The ever-changing generative patch challenge?

Looking for good approaches of creating ever-changing generative patches, i.e. those that sound and feel entirely different after letting them run for 5, 10, 20 or 30 minutes? They slowly but steadily change and morph into something new when leaving them unattended.

Still would want sounds to be pleasing to listen to, but am trying to escape long-term repetition in any way.

In other words: A patch you could listen to for hours without ever feeling bored.

If you may, please post your example patch(es) here :smiley:.


there are maybe some interesting examples in “redmeansrecordings” series of “VCV for sleep…” patches,

you can download some here:

and listen to them on his youtube channel:


I find that slow modulation goes a long way in creating ever-changing patches. Recently, we were lucky enough to get Nonlinearcircuits’ Sloth Chaos modules ported to the library: Torpor, Apathy, Inertia and Triple Sloths. From the manual:

Torpor takes about 15-30 seconds to travel around 2 strange attractors. Apathy takes 60-90 seconds and Inertia takes 30-40 minutes. The behavior of these circuits is unpredictable over time, but more orderly than random. They are often used for low frequency control voltages in cases where an LFO would be too predictable, but a random signal would be too erratic.

Those are well worth checking out. Other than slow modulation, for the purpose of your question I’ve also used feedback patching (I can recommend La Synthèse Humaine’s YouTube series on the topic of cybernetics, as well as Simon Hutchinson’s videos on artificial neurons and nonlinear mixing) and binary counters (to output gates which were later converted to triggers and voltage).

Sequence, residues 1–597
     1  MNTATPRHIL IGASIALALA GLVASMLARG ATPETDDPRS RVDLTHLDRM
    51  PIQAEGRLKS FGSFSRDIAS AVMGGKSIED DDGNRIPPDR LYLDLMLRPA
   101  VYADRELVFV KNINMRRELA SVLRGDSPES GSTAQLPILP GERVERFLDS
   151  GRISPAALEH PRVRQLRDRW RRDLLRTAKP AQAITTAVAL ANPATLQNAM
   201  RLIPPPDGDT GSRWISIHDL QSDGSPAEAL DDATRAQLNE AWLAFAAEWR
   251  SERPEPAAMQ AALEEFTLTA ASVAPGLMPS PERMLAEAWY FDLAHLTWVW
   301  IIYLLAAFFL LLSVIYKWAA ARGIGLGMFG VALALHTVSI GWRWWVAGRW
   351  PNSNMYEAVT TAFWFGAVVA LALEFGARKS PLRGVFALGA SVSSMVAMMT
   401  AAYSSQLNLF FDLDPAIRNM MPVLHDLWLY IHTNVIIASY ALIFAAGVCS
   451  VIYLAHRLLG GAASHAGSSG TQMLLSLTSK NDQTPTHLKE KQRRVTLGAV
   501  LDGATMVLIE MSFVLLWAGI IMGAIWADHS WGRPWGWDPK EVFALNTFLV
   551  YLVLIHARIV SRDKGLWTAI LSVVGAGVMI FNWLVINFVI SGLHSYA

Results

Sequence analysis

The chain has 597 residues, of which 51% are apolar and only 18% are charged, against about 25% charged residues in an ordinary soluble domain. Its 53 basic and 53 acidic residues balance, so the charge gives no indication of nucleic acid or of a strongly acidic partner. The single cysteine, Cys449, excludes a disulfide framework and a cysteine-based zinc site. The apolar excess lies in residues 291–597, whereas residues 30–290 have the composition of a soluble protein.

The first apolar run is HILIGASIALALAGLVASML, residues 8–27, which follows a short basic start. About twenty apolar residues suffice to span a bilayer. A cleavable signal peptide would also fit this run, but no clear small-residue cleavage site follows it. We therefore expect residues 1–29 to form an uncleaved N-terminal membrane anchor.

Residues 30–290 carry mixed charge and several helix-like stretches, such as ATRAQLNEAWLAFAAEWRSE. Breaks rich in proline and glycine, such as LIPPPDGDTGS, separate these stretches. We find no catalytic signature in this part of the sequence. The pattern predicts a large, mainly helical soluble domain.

Thank you much for the replies!

The Red Means Recording sleep videos and patches are really useful and carry a number good ideas for introducing variation.

I also think that slow modulation can reach very far. The Sloth modules are great and remind me a bit of Vult’s Caudal, which I use a lot. Caudal adds speed control, and an energy setting, and has a couple of different models, but it doesn’t make it down to the slowness of Inertia. And Triple Sloth adds another dimension, so they all are good additions to the toolbox.

Using feedback and cybernetics is an interesting but also somewhat challenging approach. It seems to take some skill to control feedback stability. I suppose I’ll just have to keep in mind not to blow my speakers when the frequency escalates into the audio range.

I am also exploring how to automatically record segments of audio while the patch is running and then re-play them in altered form, e.g. after being pitched down. Obtained some first results with NYSTHI’s Simpliciter.

Moreover, dialing voices in and out at either defined or at random times may yield intriguing combinations.

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the beauty itself of a modular universe: so many ways to do this.

my approach is to modulate everything in a range that sounds pleasant to my ears, MAYBE going slightly outside this ranges sometimes. random generators, scale modules and probability triggers are my best friends.

choose a mood and put a lot of reverb.

this was my first experiment (the first one I liked to be honest, and that’s a single note piece, not even modulated)